Respecting Others’ Holiday Beliefs, Traditions

Contributed By Janet Nelson, Young Women general board

  • 26 December 2014

The menorah is a symbol of the Jewish holiday Hanukkah. 

Article Highlights

  • The true spirit of Christmas comes with opening our hearts, arms, and doors to all.

“At Easter, he [David] brought me a card and a gift. It was his way of saying thank you for recognizing and honoring his beliefs.” –Sister Janet Nelson of the Young Women general board

Each fall our family goes apple picking with our “New York family”—friends who have served as our family while living far from our blood relatives.

I take all these apples and bottle up dozens and dozens of quarts of applesauce with my Victorio strainer, which I inherited from my mother-in-law, Jean Nelson.

In December, most of our neighbors drop off cookies and other holiday treats. My gift has always been this homemade applesauce. It is really pink, because it is made with the skins on, and it tastes delicious. Adults and children enjoy it, and it is convenient because it can be eaten at any time.

One year as I was delivering my applesauce, my neighbor David mentioned that it was the first night of Hanukkah, the Jewish festival of lights.

One of the traditions of Hanukkah is to make latkes or potato pancakes, topped with applesauce. My bottle of homemade applesauce came just at the right time.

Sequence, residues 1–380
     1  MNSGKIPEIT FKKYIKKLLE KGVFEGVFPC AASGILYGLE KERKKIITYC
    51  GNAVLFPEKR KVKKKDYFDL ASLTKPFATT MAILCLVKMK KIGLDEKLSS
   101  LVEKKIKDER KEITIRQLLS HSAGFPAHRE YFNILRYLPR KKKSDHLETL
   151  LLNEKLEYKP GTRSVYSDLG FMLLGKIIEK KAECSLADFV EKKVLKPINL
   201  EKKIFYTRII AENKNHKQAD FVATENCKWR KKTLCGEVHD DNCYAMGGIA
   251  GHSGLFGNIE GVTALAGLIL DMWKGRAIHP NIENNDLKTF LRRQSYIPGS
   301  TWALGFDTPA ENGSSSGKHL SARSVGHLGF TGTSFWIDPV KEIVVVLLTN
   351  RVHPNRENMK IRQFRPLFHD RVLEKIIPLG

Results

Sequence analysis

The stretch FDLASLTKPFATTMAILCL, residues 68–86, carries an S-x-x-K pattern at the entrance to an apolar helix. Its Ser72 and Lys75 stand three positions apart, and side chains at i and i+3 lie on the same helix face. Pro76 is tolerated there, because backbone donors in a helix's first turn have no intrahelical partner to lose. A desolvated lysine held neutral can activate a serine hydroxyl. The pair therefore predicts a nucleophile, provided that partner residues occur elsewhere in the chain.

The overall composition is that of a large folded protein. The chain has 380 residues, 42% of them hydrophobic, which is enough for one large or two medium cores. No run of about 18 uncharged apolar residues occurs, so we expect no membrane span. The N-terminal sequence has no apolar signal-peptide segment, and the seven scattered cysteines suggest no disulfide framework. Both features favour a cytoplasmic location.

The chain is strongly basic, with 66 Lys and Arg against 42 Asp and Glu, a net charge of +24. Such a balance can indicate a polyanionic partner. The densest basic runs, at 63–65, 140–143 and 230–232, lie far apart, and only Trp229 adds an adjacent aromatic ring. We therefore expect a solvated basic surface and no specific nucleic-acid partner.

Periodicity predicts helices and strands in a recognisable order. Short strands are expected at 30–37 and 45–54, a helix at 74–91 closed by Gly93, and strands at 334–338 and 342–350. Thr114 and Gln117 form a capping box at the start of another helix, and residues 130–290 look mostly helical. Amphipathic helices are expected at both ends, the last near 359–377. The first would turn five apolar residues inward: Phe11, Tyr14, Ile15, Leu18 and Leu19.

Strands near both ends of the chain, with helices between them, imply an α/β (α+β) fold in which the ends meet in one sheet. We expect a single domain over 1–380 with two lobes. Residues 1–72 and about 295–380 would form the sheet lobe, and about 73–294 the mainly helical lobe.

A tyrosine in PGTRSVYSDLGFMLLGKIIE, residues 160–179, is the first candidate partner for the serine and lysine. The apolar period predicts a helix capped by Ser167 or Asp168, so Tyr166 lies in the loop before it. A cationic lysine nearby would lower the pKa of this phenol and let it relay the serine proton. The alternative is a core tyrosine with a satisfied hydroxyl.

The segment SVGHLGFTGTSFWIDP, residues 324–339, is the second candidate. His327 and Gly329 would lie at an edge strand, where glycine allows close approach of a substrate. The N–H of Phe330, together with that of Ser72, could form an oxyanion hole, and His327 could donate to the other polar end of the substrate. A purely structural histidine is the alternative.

David was so touched that I would remember his special holiday night that at Easter he brought me a card and a gift. It was his way of saying thank you for recognizing and honoring his beliefs.

The following year, as Hanukkah was approaching, David and his wife, Laura, were having a conversation about food shopping. Laura mentioned that they needed to buy applesauce for the latkes. David responded, “No, Janet will bring hers.”

Our neighborhood is filled with people of many Christian religions, but also many of the Jewish faith. We attend their children’s bar mitzvahs and they come to our children’s baptisms and missionary farewells. When we go caroling up the block on Christmas Eve our Christian and Jewish neighbors open their doors and often sing with us.

To me this is the true spirit of Christmas. We open our hearts, our arms, and our doors to all.

We love and support one another without regard to which church we attend on our Sabbath, or if we don’t attend at all. We respect and are aware of each other’s beliefs and values. We love our neighbors and the beautiful spirit they bring into our lives.

This is why we often simply say: “Happy Holidays!” because that covers everyone.